There’s the argument that certain shades aren’t achievable in certain lines, and @stylensmile acknowledges that. “If they are commission and you provide the color, let them know they must stick with the lines you provide, but make sure you have everything they need. If you know there are shades that your current semi or punky color line doesn’t have, let everyone vote on one line to individually keep those shades stocked from. Some punky colors are impossible to mix.

 

For others, it doesn’t matter where you are or what you need—your options should remain open. “If a client wants something in particular that your shop can’t deliver due to what’s on or not on the shelves, you’re limiting yourself and your stylists,” said @dinosaursbro. “Do you need to carry EVERYTHING ever made? No. But you should always remain OPEN to the ever-changing world that is hair. If you don’t keep up with the times, you’ll get left behind. You should never want to limit yourself. Would it break the bank to once a month order a few tubes of a color that was requested and is being used? No, you’re making money and satisfying the desires of your clients.

 

Educate and Evaluate
This could be an opportunity to improve your salon. Said @turtledovemommy, “Sign [your stylists] up for a product/color knowledge class and let them ask the educator how to achieve the looks they wany using that product.” @busybeautypdx echoed that idea: “Maybe if you do some fun classes can help them discover some new formulas using the salon line. I know personally, if I’m resistant to something and I can be shown a new perspective, I can be swayed to conformity.”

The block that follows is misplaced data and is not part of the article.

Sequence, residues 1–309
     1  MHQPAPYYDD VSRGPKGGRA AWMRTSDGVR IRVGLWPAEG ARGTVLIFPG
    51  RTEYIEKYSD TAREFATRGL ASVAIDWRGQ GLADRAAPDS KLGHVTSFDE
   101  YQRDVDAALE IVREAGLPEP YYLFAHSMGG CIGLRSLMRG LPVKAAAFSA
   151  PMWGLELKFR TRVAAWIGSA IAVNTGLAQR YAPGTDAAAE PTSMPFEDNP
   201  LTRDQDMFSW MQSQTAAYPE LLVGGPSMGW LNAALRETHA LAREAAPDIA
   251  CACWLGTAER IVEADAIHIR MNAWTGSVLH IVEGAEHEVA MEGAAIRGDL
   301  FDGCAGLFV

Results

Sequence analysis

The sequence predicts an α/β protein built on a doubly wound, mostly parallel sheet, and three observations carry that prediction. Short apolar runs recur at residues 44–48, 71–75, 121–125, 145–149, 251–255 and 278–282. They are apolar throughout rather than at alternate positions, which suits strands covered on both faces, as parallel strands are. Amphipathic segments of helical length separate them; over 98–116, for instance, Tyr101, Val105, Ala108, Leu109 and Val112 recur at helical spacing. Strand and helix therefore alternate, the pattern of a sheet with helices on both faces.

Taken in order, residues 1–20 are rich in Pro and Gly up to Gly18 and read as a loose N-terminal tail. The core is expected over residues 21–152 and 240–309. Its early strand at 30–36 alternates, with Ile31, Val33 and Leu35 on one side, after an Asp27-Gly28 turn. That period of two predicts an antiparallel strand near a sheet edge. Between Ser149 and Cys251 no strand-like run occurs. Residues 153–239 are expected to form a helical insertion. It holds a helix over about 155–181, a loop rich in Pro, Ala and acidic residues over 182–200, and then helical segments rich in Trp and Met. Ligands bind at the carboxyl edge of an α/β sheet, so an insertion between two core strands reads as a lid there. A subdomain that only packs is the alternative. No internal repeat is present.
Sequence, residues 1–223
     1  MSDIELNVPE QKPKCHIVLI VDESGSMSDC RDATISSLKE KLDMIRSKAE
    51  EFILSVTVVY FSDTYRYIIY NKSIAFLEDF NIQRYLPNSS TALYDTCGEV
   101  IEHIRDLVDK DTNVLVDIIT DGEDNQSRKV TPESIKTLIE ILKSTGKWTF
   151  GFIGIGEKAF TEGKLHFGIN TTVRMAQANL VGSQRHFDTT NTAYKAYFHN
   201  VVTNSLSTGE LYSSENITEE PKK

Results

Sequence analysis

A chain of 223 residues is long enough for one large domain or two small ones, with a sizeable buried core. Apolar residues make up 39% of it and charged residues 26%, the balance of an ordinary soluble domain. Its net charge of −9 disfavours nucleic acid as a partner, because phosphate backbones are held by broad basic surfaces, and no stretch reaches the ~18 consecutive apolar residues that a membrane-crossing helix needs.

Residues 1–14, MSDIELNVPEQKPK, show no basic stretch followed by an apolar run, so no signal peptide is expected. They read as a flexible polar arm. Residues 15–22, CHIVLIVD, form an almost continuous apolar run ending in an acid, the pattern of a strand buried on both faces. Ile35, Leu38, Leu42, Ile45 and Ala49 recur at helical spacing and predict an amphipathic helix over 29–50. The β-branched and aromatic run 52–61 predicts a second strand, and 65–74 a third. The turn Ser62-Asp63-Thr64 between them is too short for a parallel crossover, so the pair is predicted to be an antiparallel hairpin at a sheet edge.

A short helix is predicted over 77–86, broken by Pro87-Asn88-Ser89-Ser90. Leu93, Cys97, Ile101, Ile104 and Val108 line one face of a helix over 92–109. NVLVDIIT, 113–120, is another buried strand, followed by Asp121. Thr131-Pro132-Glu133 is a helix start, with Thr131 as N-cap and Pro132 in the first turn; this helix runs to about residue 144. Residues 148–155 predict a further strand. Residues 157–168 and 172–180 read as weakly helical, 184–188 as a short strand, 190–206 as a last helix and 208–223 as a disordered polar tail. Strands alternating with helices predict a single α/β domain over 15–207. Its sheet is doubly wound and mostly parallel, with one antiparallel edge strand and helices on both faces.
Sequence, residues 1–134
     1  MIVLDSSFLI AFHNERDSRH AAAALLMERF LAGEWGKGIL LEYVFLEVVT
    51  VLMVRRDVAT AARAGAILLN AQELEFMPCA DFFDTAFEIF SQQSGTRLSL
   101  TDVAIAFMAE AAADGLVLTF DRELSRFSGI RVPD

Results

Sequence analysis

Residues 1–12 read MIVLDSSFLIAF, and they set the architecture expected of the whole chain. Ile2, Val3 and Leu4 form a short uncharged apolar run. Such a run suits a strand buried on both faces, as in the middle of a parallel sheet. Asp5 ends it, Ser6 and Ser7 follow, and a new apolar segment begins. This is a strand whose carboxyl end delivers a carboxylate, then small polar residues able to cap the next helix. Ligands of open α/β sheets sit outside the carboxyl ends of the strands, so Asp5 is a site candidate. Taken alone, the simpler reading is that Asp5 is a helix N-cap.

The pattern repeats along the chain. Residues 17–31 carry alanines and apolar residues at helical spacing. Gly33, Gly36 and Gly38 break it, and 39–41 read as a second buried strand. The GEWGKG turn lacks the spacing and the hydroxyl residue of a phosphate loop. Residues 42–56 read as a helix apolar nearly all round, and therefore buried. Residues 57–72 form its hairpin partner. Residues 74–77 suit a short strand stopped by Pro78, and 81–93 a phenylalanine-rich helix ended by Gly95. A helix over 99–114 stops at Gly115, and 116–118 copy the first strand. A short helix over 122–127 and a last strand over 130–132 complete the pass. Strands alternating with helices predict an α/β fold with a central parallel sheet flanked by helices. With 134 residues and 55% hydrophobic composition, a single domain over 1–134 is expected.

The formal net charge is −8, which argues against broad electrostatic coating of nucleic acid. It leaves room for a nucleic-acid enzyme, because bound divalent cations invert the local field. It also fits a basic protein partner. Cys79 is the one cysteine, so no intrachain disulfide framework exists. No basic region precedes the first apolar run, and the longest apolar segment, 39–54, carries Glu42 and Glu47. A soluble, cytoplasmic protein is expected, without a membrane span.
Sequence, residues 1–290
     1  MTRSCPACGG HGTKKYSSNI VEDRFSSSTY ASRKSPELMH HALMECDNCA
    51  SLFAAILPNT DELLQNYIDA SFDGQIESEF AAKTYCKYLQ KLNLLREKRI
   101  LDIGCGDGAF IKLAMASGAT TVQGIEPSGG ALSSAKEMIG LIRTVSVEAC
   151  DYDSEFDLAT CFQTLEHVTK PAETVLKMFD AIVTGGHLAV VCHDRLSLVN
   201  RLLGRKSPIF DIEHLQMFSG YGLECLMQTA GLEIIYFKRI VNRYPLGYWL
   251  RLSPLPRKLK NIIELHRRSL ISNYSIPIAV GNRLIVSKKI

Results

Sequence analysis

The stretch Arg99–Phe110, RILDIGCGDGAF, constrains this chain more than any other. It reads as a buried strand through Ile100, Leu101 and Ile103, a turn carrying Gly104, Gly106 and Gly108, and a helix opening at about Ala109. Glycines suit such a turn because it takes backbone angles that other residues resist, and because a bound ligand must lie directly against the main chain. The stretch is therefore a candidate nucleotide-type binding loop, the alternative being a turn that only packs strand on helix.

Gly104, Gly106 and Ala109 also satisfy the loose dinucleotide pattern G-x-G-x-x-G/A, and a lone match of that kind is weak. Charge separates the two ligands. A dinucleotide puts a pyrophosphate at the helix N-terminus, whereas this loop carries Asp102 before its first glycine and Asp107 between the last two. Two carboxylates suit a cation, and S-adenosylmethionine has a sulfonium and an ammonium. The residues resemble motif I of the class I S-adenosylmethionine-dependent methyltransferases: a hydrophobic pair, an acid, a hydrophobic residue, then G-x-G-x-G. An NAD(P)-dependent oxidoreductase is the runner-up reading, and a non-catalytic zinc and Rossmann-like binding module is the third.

“As a salon owner, I have been in the situation where new stylists to the salon have preferred to use the color lines in which they were previously using,” said @maureenhairqueen. “I have always been open to this as I feel it’s an opportunity for me to learn a new line. Simultaneously, I would provide education on my current lines and have them slowly integrate them into their arsenal. I would not bring in the full color line, but have them choose only the frequently used ones. Usually after a period of time the new line would either be phased out or embraced if we loved it!”

 

George Ritzel weighed in on Facebook. “Run a report on what you know sells to see what line is the lowest sale, then remove it to make room for what [stylists] are using,” he said. “In the end, they are happy, and your retail sales go up.”

 

The Keep Salon commented on Facebook too, adding that when their salon converted to a new haircolor line, they did have some formula issues. But, “the problems did work themselves out as the technology of the line we started using exclusively became more advanced,” the salon wrote. “We’ve ocme to realize that the exceptions to the ‘no outside product’ rule do exist and are valid, but are very, very rare. It’s important to always try new things and be open to bringing in new lines…but the brand comes first. If the salon has an exclusive line, it’s best to commit to that 100 percent and not compromise it. The biggest problem that I’ve had with sneaking in outside chemicals is that the results do not advertise what the salon necessarily does, and attracts more future clients who want these services/results that your business technically doesn’t offer.”